Description

  The present invention relates to a write-once optical disc, a method for recording management information of a write-once optical disc, and a method and apparatus for recording and reproducing a write-once optical disc.

  Optical discs capable of recording a large amount of data are widely used as optical recording media. Among them, a new high-density optical recording medium (HD-DVD), such as a Blu-ray disc, has recently been developed for recording and storing high-resolution video data and high-quality audio data for a long time.

  Blu-ray Disc is a next-generation HD-DVD technology and next-generation optical recording solution, and has a superior ability to store more data than existing DVDs. In recent years, technical specifications of international standards for HD-DVD have been established. In this connection, various standards for write-once Blu-ray discs (BD-WO) have been prepared following the standards for rewritable Blu-ray discs (BD-RE).

  A method for recording management information has been discussed in the standard of write-once Blu-ray Disc (BD-WO). This method is accompanied by a method for recording information indicating the recording state of the disc, which is one of the characteristics of a write-once optical disc. The information indicating the recording state of the disc makes it possible for the host or user to easily find a recordable area on the write-once optical disc. In the existing write-once optical disc, this information is named variously. For example, in the case of CD series, this information is named as track information, and in the case of DVD series, this information is named RZone or fragment.

  For this reason, there is an increasing demand for a method for efficiently recording management information corresponding to the recording state of a high-density optical disc. And this method must be provided with standardized information to ensure mutual compatibility. Further, there is a demand for a method for recording management information on a disc, and this method can be applied to a Blu-ray disc as well as a write-once high-density optical disc for defect management.

  Accordingly, the present invention provides an optical disc and method and apparatus for recording disc management information that substantially prevent one or more problems due to limitations and disadvantages of the related art, and more particularly for efficiently managing disc recording status information. The method and apparatus are intended.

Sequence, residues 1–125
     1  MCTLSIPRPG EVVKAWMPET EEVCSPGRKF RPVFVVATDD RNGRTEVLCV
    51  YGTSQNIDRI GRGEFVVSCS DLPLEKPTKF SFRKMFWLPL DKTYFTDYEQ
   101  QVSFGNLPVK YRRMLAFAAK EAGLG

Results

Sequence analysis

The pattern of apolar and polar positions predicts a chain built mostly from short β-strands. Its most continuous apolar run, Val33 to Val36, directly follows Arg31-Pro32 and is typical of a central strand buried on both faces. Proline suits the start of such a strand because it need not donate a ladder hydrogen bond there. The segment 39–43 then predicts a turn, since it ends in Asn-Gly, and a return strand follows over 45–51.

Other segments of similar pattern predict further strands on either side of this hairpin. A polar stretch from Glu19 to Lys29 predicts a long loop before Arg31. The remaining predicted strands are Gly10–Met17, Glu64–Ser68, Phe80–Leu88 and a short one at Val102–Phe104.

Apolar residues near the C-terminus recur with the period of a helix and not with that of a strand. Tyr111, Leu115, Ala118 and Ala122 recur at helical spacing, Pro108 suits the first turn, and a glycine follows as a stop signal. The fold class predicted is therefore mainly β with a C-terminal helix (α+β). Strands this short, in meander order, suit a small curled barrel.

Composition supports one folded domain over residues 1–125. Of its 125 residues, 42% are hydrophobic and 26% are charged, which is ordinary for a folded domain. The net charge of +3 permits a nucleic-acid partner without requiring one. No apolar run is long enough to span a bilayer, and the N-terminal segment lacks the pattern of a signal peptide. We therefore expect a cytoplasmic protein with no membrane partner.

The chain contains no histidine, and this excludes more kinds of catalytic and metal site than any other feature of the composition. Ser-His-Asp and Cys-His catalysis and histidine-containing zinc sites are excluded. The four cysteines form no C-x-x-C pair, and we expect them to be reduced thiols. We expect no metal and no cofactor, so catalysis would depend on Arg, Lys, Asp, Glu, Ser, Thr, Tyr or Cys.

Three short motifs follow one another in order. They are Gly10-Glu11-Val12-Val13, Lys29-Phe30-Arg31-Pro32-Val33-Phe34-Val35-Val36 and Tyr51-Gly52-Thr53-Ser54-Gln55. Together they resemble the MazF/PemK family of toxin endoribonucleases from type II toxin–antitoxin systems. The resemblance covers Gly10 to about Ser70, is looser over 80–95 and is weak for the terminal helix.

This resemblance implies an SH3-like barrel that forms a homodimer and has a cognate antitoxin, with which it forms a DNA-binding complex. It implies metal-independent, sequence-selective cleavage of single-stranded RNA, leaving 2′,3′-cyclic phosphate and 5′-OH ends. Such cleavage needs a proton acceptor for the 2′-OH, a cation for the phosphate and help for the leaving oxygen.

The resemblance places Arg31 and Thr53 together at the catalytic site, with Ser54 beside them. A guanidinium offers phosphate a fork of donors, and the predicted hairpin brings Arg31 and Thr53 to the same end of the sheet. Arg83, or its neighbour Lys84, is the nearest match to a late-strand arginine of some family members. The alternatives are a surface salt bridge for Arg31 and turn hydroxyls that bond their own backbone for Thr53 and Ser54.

One object of the present invention is to provide a method and apparatus for defining the type of sequential recording ranges (SRR) and recording information about the SRR in the SRR information (SRRI).

  Another object of the present invention is to provide a method and apparatus for recording SRRI as disc recording status information that can be applied to a write-once optical disc in which physical defect management is performed. It is to provide a method and apparatus for recovering an SRRI.

  Additional advantages, objects and features of the invention will be presented in part in the detailed description which follows, and will be in part apparent from the following discussion by those having ordinary skill in the art, or Can be learned from the practice of the invention.

  The objectives and other advantages of the invention may be realized and attained by the structure particularly pointed out in the written description and claims hereof as well as the appended drawings.

  It will be understood that both the foregoing general description of the invention and the following detailed description are exemplary, illustrative and are provided to provide a further description of the claimed invention. .

  The accompanying drawings, which are included to provide a further understanding of the invention, and are incorporated in and constitute a part of this application, illustrate embodiments of the invention together with the description provided to illustrate the principles of the invention. Illustrated.